Referring to FIG. 2, the overhead building structure 3 is shown with a ceiling 4 suspended from it in conventional manner by hanger wires 20. An opening 32 is framed by conventional lay-in ceiling panels 4a on the grid members hanger wires. The illustrated embodiment of the present invention includes two frames made primarily of lengths of steel tubing of rectangular cross section welded together. The first frame is a mounting frame 11 which is rectangular in each of its three dimensions. It has stub angle sections welded on the corner posts providing tabs 12 by which it can be secured to the ceiling support structure 3. Sturdy hanger means secured to the building structure 3 can be used for this purpose. In the illustrated embodiment (FIG.1), brackets 9 are affixed to the structure 3. Threaded rods 10 are secured to the brackets 9, and pass through vertically aligned apertures in the mounting tabs 12, with nuts threaded on the rods above and below the tabs securing the frame to the rods.
The second frame is a traveling frame 17 located within the mounting frame 11. It is not seen in FIG. 4 because it is hidden behind the walls 15 typically made of metal plates screwed to the frame 11 and covering the frame 11 completely around and across the top of the frame 11. The traveling frame is rectangular in all of its three dimensions.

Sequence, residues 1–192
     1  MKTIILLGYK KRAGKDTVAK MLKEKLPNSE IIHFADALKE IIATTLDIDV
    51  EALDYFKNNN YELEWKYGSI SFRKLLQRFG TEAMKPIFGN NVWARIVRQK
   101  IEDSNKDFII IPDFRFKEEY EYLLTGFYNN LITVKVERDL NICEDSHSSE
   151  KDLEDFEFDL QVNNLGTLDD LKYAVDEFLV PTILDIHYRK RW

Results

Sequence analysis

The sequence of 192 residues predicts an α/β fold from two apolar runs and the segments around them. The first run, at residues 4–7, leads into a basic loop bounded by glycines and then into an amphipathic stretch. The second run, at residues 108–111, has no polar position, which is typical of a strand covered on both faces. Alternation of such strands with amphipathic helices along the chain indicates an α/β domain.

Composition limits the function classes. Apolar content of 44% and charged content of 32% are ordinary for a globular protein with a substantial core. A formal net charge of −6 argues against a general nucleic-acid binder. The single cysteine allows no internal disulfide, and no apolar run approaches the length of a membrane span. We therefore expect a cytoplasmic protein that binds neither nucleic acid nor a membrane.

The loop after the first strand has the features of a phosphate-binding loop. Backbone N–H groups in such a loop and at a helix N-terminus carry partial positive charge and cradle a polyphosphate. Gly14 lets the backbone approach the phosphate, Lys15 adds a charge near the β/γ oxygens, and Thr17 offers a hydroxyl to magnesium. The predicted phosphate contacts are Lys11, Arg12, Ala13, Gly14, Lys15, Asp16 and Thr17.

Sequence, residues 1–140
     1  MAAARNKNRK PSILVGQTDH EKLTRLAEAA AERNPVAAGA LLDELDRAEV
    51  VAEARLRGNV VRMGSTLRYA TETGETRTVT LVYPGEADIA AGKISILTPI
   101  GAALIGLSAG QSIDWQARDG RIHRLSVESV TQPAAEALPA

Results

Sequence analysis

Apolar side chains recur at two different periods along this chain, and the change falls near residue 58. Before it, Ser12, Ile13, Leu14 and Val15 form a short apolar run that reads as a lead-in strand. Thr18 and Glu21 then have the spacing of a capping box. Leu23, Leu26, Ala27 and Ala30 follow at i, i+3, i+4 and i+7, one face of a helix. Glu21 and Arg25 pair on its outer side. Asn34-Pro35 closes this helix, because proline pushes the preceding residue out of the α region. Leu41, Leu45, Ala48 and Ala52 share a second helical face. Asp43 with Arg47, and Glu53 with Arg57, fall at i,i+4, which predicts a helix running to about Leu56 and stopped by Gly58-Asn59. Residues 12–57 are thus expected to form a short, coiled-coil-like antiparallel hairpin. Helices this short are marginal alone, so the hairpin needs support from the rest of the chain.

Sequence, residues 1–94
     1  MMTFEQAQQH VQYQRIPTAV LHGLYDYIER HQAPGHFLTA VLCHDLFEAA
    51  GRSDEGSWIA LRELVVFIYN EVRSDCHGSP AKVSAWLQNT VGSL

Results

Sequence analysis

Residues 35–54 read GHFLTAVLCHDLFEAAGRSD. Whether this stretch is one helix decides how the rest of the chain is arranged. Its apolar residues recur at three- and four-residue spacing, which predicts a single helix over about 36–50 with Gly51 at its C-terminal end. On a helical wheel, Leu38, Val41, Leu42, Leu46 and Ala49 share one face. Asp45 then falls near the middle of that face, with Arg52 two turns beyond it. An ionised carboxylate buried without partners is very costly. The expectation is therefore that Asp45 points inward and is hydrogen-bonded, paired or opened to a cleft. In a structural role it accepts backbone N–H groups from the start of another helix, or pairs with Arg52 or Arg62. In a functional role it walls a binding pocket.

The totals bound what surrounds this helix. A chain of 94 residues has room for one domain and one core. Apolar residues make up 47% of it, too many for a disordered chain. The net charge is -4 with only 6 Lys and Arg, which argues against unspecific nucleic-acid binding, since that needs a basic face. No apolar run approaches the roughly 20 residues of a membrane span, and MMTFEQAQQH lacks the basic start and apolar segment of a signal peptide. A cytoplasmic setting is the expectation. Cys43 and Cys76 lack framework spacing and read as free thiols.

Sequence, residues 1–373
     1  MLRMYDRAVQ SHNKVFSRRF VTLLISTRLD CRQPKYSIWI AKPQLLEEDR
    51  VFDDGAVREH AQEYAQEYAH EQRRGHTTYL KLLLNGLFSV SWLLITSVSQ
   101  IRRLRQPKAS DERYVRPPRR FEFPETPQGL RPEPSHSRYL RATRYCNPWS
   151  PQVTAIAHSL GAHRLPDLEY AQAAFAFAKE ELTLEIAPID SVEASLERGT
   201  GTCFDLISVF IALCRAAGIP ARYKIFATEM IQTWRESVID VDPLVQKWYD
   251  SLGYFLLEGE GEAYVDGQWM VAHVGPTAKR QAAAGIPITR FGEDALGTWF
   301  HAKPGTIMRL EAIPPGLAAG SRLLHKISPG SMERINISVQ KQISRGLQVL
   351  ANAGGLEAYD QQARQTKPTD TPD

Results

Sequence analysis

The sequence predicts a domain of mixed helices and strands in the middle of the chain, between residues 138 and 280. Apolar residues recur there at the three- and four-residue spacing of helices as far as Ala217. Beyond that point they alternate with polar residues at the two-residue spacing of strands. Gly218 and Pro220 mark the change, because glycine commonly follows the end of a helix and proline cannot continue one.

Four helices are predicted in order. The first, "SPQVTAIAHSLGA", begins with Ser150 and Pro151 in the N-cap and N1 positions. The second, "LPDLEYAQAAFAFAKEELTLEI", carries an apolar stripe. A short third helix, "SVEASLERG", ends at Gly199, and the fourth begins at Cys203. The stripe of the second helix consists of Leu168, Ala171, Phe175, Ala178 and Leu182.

There are four drive shafts 18, one passing through the traveling frame near each corner. They are mounted in bearings 19 and 20 secured to the mounting frame 11. Each of the shafts 18 has a screw thread thereon. The traveling frame 17 has four nuts 21 threaded onto the shafts 18 and confined in the frame 17. Rotation of the nuts is prevented because they are received in the horizontal tubes of the frame, and the dimension across the corners of the nuts is greater than the distance between the vertical walls of the tubes in which the nuts are received. So the nuts can support the frame 17 but will not turn within the frame. Therefore, when the screws 18 are rotated, the traveling frame is driven up or down.
The screw shafts 18 are driven by sprockets 22 at their upper ends. A single roller chain 23 is driven by a sprocket 24 which is driven by an electric motor assembly 26 secured to the mounting frame 11. Chain 23 drives the sprockets 22 to drive the frame 17 up or down. The drive motor is hidden from view in FIG. 2 by cover plate 25 screwed to the far side of the motor mount posts 11m welded into the upper and lower rear crossmembers of frame 11. The motor assembly is mounted to these posts by bolts 26a with suitable grommets around them to minimize noise. An idler sprocket 27 is mounted to an arm which has a circularly serrated bottom surface engaged with a matching serrated disc 27a, both held to the frame by bolt 27b. This permits suitable tension adjustment by positioning the idler arm and then locking it tight to the frame by tightening the bolt 27b or a nut thereon.